A Good Day To Be Black In Indie?
Elvis Mitchell, Orlando Bagwell, Danny Glover, Melody Barnes, Katrina Browne, Nick Cannon
Park City, UT — On Tuesday, January 22, former New York Times critic and co-creator of the film THE BLACK LISTintroduced a panel of filmmakers, activists, and policy makers to a more than overflowing crowd at the Film Lodge. The topic for the day was “Black in America,” a subject which seemed perhaps a little large to cover in an hour and half. In addition to Mitchell, the panel consisted of Melody Barnes, the Executive Vice President of the progressive think tank Center for American Progress, Katrina Browne, the director of the documentary TRACES OF THE TRADE, documentary filmmaker Orlando Bagwell, actor Nick Cannon [who is in the urban drama AMERICAN SON, and the actor/producer Danny Glover [who executive produced the Katrina documentary TROUBLE THE WATER.
A GOOD DAY TO BE BLACK & SEXY
Mitchell started off joking that he had wanted to call the panel A GOOD DAY TO BE BLACK AND SEXY – the name of a feature this year by African American filmmaker Dennis Dortch – but the name was already taken. “Well, I’m still sexy,” he quipped. Indeed all the panelists were sexy in their own way. But whether they thought it was a good day to be a black filmmaker was the question at hand. Were conditions better for African-American filmmakers now than they were in 1991 when DAUGHTERS OF THE DUST, HANGIN WITH THE HOMEBOYS, and STRAIGHT OUT OF BROOKLYN were at the festival? Was there still a need to control the representation of race? Were filmmakers any more in the control of means of production than they were before? All good questions and all with no easy answers. Perhaps the most difficult question of all came from Mitchell on the role of the Festival, when he asked: “A lot of black filmmakers don’t think of coming because they don’t believe they have a shot. Does Sundance have a responsibility to reach out to them?”
AN AMERICAN SON
While all agreed that there was no single black experience that could represent the culture as a whole, several panelists believed that the struggle of black filmmakers was in itself an instructive lesson on the overall state of race in America. As Danny Glover eloquently put it, “How do we use the stories we tell to represent the diversity of thought. We represent the moral playing ground of this particular experience.”
While most of the panelists used their own experience to gauge the effects of contemporary African-American representation, one panelist was left out in the dark. Katrina Browne is a white woman whose distinction is that she grew up unaware that her ancestors were the largest slave traders in Rhode Island. When she found out, she took nine family members on a trip that retraced the sea routes of the 19th century slave trade. For Browne, this was not just a physical trip, but a philosophical one, an exploration of the responsibility “of regular folks, good folks, who participate (wittingly? unwittingly?) in systems that do immense harm.”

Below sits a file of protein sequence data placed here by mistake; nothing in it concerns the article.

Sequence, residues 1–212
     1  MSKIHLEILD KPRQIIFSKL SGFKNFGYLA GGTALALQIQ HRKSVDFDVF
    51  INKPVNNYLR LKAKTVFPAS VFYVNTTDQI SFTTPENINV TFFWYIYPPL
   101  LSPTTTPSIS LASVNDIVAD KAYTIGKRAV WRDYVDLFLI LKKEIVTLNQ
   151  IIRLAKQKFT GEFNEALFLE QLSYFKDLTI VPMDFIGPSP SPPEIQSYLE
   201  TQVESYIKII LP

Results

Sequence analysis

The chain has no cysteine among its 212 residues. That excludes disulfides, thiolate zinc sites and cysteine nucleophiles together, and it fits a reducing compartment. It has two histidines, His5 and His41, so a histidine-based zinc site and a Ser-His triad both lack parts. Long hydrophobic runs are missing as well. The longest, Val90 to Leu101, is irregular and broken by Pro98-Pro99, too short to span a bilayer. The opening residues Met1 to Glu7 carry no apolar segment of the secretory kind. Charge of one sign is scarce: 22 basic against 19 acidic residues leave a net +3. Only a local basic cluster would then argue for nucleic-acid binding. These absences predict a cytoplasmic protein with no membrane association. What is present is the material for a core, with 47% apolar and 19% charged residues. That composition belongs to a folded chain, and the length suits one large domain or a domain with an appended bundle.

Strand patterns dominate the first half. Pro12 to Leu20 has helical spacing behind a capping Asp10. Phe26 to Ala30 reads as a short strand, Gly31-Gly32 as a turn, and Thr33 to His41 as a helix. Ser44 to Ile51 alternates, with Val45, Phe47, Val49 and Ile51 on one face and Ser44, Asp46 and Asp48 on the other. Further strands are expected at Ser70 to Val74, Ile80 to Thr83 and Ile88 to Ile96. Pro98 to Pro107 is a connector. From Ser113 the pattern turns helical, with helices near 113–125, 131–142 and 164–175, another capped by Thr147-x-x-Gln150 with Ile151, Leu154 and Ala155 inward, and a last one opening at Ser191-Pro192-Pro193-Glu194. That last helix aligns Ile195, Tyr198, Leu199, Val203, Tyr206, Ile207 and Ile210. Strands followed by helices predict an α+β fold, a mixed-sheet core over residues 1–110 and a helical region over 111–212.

Elsewhere in Park City, some people are taking responsibility to do immense good. While Main Street is chock-a-block full of branded houses touting their corporate goods, “BlackHouse” is a very different experience. Created in 2007 to “to provide a platform for African American filmmakers to use their voice to tell stories by and about African Americans in the world of independent and feature films,” BlackHouse curates film programs, panel discussions and has an open-door policy.
Maurice Jamal and Cheryl Dunye
Filmmaker and BlackHouse board member Maurice Jamal (DIRTY LAUNDRY) remembers their beginning: “Three years ago a bunch of us were sitting around and thought it would be great to have a place where people involved with African American and urban filmmaking could have a place to hang out. I’d been on a panel for the Queer Lounge, and thought, “why couldn’t we do something like that”.” The next year, they did. And this year the house is even more robust. Filmmaker Cheryl Dunye, who has had her own films at Sundance, returns to help out around the house. She embraces the space’s open door policy in programming short films there: “I tell people come by with their film and we’ll throw it on the DVD player.” If African-American filmmakers have felt wary about the inclusiveness of the Sundance community, BlackHouse provides a sheltered meeting place. “What I love,” continues Dunye, “is seeing executives from BET and people from HBO sitting on the sofa and talking with some kids from Oklahoma who are interested in maybe making a film.”
Expand your knowledge of Blackhouse by checking out this video from Brickson Diamond.